Absolute Infinite

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The Absolute Infinite is mathematician Georg Cantor's concept of an "infinity" that transcended the transfinite numbers. Cantor equated the Absolute Infinite with God.[1] He held that the Absolute Infinite had various mathematical properties, including that every property of the Absolute Infinite is also held by some smaller object[citation needed].

Contents

Cantor's view

Cantor is quoted as saying:

Cantor also mentioned the idea in his letters to Richard Dedekind (text in square brackets not present in original):[5]

A multiplicity is called well-ordered if it fulfills the condition that every sub-multiplicity has a first element; such a multiplicity I call for short a "sequence".

...

Now I envisage the system of all [ordinal] numbers and denote it Ω.

...

The system Ω in its natural ordering according to magnitude is a "sequence".
Now let us adjoin 0 as an additional element to this sequence, and place it, obviously, in the first position; then we obtain a sequence Ω′:

0, 1, 2, 3, ... ω0, ω0+1, ..., γ, ...
of which one can readily convince oneself that every number γ occurring in it is the type [i.e., order-type] of the sequence of all its preceding elements (including 0). (The sequence Ω has this property first for ω0+1. [ω0+1 should be ω0.])

Now Ω′ (and therefore also Ω) cannot be a consistent multiplicity. For if Ω′ were consistent, then as a well-ordered set, a number δ would correspond to it which would be greater than all numbers of the system Ω; the number δ, however, also belongs to the system Ω, because it comprises all numbers. Thus δ would be greater than δ, which is a contradiction. Therefore:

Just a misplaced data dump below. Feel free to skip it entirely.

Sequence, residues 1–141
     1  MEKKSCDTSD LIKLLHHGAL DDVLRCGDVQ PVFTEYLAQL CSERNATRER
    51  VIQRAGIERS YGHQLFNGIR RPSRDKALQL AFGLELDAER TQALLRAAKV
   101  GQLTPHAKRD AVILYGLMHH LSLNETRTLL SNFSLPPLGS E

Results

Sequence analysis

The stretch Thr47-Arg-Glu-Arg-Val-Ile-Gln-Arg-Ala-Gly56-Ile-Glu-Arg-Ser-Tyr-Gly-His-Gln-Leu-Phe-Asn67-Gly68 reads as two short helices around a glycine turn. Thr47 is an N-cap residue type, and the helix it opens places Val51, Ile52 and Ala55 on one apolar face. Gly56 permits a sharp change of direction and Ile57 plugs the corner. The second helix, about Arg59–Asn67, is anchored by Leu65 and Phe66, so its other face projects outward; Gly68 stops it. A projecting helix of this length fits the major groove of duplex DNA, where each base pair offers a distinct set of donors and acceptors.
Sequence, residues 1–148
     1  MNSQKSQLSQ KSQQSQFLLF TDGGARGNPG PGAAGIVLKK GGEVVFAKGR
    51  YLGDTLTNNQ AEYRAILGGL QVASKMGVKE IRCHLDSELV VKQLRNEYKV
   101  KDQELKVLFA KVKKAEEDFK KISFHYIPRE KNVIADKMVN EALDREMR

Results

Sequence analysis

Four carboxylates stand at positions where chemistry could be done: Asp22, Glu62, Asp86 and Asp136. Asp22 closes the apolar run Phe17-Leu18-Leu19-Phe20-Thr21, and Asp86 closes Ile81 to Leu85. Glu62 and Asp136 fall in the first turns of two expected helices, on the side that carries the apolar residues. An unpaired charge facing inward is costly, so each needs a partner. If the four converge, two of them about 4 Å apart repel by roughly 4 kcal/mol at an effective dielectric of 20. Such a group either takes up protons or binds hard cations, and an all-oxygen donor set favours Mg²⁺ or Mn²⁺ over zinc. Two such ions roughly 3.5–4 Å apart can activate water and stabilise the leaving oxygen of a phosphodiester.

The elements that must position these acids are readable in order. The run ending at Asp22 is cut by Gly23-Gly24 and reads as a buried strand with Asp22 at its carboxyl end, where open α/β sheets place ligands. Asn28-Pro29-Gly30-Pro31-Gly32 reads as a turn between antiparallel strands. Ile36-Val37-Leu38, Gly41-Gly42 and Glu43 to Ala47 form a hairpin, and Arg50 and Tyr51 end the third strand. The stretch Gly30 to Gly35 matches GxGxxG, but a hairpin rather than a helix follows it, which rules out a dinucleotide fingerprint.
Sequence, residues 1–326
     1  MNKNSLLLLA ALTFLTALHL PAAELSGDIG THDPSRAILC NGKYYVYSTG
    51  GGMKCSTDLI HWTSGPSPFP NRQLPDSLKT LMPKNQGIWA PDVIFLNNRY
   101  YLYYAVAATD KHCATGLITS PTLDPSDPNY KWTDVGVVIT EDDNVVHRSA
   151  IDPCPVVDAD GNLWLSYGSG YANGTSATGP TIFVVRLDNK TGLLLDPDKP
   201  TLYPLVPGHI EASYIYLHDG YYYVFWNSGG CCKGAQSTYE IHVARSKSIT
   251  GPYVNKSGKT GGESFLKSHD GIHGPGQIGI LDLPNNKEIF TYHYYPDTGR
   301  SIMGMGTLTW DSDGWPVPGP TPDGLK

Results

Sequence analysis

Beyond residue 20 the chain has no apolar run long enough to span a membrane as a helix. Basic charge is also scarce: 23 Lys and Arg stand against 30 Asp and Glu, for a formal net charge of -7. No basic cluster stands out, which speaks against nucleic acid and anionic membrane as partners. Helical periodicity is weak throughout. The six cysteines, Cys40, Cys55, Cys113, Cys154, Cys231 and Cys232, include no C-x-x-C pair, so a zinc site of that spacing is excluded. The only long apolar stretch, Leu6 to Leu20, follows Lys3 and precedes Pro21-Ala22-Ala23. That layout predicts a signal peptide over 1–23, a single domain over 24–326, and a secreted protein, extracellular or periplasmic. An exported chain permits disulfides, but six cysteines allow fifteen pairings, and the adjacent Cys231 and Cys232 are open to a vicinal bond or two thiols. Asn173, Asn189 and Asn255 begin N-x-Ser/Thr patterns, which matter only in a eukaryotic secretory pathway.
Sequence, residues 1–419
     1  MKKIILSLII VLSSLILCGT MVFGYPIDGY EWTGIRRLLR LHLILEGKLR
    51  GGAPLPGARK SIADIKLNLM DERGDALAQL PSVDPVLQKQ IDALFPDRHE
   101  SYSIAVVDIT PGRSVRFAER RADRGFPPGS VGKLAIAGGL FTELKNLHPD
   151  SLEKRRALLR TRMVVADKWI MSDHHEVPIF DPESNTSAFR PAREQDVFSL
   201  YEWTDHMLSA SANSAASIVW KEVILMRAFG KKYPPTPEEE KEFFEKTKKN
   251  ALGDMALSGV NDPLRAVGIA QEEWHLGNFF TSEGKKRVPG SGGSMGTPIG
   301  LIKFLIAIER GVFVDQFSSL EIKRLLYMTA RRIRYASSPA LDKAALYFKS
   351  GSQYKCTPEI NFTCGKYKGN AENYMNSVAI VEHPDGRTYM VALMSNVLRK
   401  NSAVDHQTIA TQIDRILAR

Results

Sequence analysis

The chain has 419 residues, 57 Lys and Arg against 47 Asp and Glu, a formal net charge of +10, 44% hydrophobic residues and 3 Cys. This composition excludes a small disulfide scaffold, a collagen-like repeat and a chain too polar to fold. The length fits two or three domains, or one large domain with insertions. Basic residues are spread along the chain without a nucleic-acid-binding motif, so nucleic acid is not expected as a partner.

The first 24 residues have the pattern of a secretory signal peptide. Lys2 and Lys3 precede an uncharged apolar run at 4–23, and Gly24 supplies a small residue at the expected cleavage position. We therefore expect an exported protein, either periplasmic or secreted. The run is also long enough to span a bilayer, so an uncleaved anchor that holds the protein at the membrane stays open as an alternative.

The system Ω of all [ordinal] numbers is an inconsistent, absolutely infinite multiplicity.

The Burali-Forti paradox

The idea that the collection of all ordinal numbers cannot logically exist seems paradoxical to many. This is related to Cesare Burali-Forti's "paradox" that there can be no greatest ordinal number. All of these problems can be traced back to the idea that, for every property that can be logically defined, there exists a set of all objects that have that property. However, as in Cantor's argument (above), this idea leads to difficulties.

More generally, as noted by A.W. Moore, there can be no end to the process of set formation, and thus no such thing as the totality of all sets, or the set hierarchy. Any such totality would itself have to be a set, thus lying somewhere within the hierarchy and thus failing to contain every set.

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